Monday, March 8, 2010

Had it in the Fun House. Now Where's the exit?

It's Monday morning and my day has been well under way for hours.  I awake most days at around 6:00-6:30AM, no later.  My usual routine is to get myself together and go to the kitchen to get the coffee started.  Must have coffee.  In an old post I told you how I like to make coffee in my old fashioned Corning Ware stove-top percolator.  Old school style, I know, but drip just doesn't offer the aroma of perked coffee.  Sorry, just doesn't and what's a morning without the coffee wafting through the house?

I get the coffee going and make lunches for the Mr. and Son #2.  Son #1 is married and out so I'm down to the three of us. I bring in the newspaper from the sidewalk and read it with my coffee.  It's the perfect time of day.  If I'm lucky I write the Morning Pages while they're still asleep.  Most days that doesn't happen and I write after they leave for the day when my time is my own. I write every day.

The Morning Pages, from the book The Artist's Way, have become a lifeline, as I've said before.  I write the date and time at the top of the page and then all this stuff starts pouring out of my head, through my arm, the pen, and to the page. Then the fun begins.  Good thoughts and ideas, stupid stuff and dopey people wind up in the pages.  Lately the focus has been on my own resistance, and the dopey people.  Every day another block.  Every day another thing from these dopey people.  The pages are supposed to help one see where one needs the most attention.  Okay, my resistance I'm working on, but how about the dopey people?

I'm being mild here when I say "dopey people."  I'd like to call them something else, but I'm just not that way.  How long can you excuse their actions by calling it jealousy?  This is no longer 4th grade no-clue stupid stuff, but real life adult dopey people. What are you supposed to do, hide in a cave?  In a previous post I was talking about reading Walking in This World, how other people try to fit you into how they're used to seeing you, but they can't now that you've become who you're meant to be.  Okay, find a better mirror, but how long does it take? When will it be over and how do you get out of the fun house?

Here's a scenario.  Let's say there's a young person who loves doing a thing, and someone a little older loves doing the same thing, that's nice.  Over time they grow older, learn more, become more talented, more interested, more adept, more out there with this thing they love, and do it better than the older person.  Suddenly, the older person is annoyed, upset, surprised, and combative.  Just because the younger person grew up and became more of who they really are, and is better at the thing than the older person will ever be, why is that a problem?  Why can't the older person say, "Good for you!  Look at how you've grown and what you've become!"  No, this previous mentor becomes the aggressor, the enemy.  We're talking about an adult with responsibilities, children, in an adult world having a tantrum, pouting, screaming, ignoring, sulking, pounding their chest like a big ape because they're surprised this younger person showed them up by doing the thing they love to do differently, better, new.  "Since you're doing it like that, now I'm not going to be your friend. He has a swelled head." Give me a break.  Who really has the swelled head?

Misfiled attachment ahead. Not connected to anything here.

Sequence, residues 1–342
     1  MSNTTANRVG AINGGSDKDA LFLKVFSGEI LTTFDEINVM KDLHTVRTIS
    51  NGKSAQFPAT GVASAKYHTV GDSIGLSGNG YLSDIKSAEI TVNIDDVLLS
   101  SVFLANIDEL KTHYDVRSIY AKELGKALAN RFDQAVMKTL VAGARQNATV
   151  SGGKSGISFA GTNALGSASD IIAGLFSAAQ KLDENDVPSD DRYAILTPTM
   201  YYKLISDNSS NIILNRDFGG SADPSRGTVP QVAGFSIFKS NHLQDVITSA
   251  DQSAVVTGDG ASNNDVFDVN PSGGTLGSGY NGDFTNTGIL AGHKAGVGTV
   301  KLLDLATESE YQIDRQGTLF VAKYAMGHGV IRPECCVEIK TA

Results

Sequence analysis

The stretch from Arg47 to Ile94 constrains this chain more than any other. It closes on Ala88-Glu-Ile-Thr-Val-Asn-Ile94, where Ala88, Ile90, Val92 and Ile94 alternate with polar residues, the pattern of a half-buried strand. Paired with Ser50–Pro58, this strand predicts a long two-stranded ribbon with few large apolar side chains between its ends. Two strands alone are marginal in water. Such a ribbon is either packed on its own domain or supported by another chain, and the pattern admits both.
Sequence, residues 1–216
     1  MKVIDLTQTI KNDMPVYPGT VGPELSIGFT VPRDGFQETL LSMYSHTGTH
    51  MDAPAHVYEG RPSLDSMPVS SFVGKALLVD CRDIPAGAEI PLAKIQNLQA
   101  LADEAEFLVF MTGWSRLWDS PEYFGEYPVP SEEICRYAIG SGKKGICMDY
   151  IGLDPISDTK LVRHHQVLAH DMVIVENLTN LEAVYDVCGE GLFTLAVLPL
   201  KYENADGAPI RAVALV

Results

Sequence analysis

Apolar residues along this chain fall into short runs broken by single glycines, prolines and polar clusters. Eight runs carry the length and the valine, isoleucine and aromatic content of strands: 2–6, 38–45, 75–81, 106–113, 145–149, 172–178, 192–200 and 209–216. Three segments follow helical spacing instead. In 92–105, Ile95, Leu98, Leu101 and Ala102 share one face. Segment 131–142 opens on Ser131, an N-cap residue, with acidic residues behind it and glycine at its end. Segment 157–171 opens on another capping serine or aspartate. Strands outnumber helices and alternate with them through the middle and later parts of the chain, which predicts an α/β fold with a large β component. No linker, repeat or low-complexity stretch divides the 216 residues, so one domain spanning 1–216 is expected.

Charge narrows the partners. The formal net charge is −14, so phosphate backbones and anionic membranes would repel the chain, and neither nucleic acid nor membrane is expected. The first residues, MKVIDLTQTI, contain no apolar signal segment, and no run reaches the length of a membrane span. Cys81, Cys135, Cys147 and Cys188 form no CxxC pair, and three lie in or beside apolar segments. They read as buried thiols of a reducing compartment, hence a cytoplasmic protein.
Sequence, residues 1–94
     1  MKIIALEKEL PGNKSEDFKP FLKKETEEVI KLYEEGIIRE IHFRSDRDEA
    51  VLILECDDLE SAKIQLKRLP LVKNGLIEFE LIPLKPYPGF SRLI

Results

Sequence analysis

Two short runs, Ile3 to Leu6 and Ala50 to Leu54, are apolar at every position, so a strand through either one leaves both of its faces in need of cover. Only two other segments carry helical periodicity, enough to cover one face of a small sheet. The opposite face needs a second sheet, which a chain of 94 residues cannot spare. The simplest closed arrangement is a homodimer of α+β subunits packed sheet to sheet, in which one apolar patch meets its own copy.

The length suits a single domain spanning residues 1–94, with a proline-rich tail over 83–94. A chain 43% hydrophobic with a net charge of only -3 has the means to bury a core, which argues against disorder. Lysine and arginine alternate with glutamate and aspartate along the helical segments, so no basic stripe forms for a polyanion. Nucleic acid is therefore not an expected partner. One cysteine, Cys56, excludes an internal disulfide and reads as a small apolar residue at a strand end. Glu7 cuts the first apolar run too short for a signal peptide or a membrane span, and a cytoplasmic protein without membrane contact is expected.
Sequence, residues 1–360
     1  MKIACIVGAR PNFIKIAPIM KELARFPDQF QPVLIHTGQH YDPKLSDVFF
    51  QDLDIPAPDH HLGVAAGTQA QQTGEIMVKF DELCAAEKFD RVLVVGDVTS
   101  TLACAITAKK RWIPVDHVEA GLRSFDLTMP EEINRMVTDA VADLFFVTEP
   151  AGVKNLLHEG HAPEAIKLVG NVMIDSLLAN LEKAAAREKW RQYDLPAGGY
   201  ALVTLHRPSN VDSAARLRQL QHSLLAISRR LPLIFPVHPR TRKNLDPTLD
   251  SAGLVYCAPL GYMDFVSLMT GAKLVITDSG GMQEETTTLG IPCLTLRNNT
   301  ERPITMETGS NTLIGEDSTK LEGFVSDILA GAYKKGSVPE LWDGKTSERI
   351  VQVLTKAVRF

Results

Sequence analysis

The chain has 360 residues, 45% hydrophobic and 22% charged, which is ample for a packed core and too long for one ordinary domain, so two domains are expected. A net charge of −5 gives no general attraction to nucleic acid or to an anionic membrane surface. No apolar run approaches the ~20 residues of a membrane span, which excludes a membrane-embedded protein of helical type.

What keeps coming up in my pages is the question, "Why?"  I know I said in the other post that people are jealous when you grow.  But, how does the word jealous cover all this dopey person's stuff?  I can't figure it out.  I'm hoping that in writing about the negativity it will dissipate and the morning pages will give me an answer.  I need to know how to react when I see said dopey person. Soon.

4 comments:

  1. Perhaps the older person's real problem is that the younger one growing up and learning more and becoming adult reminds said older person that life is finite and he is on the thin end. Perhaps that is what he's really railing against. Just a thought..

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  2. Originally I thought it was a bruised ego, and how one looks to others when they flip out. How do people save face after that? I don't know Pat.

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  3. I don't know either hon.
    I only do know that unless someone has crossed a huge line, its kinder to give them the benefit of the doubt. And less stressful for you :)

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  4. Thanks Pat,from what I understand they crossed a huge line. I'm proud my person kept their cool and calmly stood their ground.

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